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Children's Fiction General

Storm At Batoche

by (author) Maxine Trottier

illustrated by John Mantha

Fitzhenry and Whiteside
Initial publish date
Jul 2006
General, Native Canadian, General
  • Paperback / softback

    Publish Date
    Jul 2006
    List Price

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Where to buy it

Recommended Age, Grade, and Reading Levels

  • Age: 4 to 8
  • Grade: p to 3


Canadian Children's Book Centre, Our Choice selection

About the authors

Maxine Trottier is a prolific writer of books for young people. Born in Grosse Pointe Farms, Michigan on May 3, 1950, she moved to Windsor, Ontario in Canada with her family ten years later. In 1974 she became a Canadian citizen. She is a graduate of the University of Western Ontario.Maxine spent 31 years working as an educator in elementary classrooms, guiding children toward literacy. The students in her class, who of course thought of her only as their teacher, saw each step in the creation of a new work. They heard the unillustrated story, saw the roughs, and were the first to view the finished book.Maxine lives with her husband William and their two Yorkies, Ceilidh and Moon. They divide their year between Port Stanley, Ontario on Lake Erie, and Newman s Cove, Newfoundland, overlooking the Atlantic Ocean. Both are wonderful places to write.

Maxine Trottier's profile page

John Mantha is a Toronto-based artist and illustrator. Born in Sault Ste. Marie, Ontario, he graduated with honours from the Ontario College of Art. John is the illustrator of twenty-six books including The Kids Book of Canada's Railway and The Kids Book of Canadian Exploration.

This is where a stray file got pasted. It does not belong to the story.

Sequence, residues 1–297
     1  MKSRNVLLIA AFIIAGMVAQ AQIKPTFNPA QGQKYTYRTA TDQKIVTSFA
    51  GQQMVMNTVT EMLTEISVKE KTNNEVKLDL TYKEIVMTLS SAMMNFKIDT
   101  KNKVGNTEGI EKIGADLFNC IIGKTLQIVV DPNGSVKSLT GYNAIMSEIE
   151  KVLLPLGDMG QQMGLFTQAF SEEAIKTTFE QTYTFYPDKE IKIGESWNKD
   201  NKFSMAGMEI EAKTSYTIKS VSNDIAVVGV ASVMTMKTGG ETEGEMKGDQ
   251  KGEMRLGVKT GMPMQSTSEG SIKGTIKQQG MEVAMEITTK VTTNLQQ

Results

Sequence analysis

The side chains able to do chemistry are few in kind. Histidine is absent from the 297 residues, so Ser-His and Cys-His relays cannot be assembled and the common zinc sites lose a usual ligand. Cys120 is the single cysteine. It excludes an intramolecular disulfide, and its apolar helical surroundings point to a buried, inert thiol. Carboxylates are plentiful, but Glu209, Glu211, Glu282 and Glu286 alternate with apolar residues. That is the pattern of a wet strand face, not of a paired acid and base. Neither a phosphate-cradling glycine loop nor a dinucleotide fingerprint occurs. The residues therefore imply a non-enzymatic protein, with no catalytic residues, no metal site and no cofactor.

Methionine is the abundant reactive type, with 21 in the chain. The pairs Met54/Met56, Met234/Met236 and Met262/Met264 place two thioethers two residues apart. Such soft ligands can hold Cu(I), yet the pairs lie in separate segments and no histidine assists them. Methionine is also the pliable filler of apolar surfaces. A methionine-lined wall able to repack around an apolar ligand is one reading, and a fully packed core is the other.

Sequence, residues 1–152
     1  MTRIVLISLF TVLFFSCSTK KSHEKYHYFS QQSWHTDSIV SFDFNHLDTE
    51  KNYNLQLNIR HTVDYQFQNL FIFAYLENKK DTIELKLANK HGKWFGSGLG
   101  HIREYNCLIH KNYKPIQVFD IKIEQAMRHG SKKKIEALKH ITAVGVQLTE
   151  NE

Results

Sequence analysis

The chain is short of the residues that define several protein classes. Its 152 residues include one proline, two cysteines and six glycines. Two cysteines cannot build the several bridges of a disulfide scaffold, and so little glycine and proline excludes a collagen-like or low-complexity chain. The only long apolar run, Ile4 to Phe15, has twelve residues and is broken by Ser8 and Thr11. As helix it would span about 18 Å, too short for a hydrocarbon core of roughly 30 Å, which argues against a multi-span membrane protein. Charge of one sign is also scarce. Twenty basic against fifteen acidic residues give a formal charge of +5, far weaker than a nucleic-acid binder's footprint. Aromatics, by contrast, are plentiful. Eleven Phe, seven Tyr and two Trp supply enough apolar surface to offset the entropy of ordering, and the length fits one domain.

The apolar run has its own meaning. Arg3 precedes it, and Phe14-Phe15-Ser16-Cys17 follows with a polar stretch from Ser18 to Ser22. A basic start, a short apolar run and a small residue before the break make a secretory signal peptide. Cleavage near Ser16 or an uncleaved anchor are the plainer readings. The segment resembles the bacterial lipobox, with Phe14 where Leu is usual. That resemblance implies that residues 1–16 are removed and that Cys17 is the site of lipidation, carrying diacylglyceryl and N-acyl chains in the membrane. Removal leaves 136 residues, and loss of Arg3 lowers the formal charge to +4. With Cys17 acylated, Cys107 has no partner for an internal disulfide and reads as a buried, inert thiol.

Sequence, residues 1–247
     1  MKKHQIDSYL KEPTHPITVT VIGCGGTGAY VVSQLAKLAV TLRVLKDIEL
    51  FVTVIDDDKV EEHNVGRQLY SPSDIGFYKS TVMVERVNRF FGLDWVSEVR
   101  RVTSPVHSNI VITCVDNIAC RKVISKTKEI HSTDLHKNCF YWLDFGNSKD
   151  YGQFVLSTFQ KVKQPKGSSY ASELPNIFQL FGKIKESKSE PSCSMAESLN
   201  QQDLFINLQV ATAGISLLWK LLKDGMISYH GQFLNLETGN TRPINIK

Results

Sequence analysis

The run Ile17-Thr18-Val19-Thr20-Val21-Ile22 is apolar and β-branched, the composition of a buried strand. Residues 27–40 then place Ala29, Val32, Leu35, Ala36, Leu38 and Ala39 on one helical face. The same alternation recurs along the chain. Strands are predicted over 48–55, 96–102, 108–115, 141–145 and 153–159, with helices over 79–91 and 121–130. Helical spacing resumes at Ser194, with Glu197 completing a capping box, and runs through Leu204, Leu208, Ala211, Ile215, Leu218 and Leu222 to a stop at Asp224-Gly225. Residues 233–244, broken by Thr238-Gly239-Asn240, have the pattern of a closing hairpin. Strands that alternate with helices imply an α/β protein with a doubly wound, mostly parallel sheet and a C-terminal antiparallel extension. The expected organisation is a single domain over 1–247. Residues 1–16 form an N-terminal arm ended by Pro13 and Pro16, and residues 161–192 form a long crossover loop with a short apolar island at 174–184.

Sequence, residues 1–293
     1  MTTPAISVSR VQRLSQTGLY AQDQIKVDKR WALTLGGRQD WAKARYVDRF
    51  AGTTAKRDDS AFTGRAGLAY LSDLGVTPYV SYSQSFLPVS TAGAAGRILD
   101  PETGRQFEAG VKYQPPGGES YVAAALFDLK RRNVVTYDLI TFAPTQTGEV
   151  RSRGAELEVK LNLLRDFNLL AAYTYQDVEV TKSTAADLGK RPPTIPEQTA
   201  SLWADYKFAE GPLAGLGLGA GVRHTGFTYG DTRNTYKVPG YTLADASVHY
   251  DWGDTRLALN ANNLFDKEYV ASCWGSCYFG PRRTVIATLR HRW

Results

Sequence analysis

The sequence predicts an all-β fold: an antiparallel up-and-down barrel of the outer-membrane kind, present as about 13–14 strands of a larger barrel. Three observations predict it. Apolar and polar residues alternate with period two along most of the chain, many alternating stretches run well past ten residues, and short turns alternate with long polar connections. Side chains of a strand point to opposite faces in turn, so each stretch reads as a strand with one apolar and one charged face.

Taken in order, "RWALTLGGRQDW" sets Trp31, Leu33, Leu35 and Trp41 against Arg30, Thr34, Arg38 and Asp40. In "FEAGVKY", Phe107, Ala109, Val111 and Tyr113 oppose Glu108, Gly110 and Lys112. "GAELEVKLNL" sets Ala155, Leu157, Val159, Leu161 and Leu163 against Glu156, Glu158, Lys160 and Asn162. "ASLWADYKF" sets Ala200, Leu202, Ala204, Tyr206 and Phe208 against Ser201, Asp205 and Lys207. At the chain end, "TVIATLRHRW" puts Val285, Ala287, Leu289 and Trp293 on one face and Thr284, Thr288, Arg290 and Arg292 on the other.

John Mantha's profile page

Editorial Reviews

"This is a memorable historical picture book that might lead a young reader to seek more information about this time in our collective history. Maxine Trottier gives thought to the imagined relationship between this gentle man and a young boy. In an author's note at the end, she gives us a glimpse of the time when Louis Riel lived and fought for the rights of his people. She also includes a recipe for gallette, which her French Canadian grandmother made for her as a child. It was always a special treat, as is this story."
Brandon Sun

"Trottier shows the deep humanity of Riel..."
Times-Colonist, Victoria, BC

"The author effectively uses the route through the reader's stomach to strengthen her message about the importance of bridging cultural differences and sharing."
Quill and Quire

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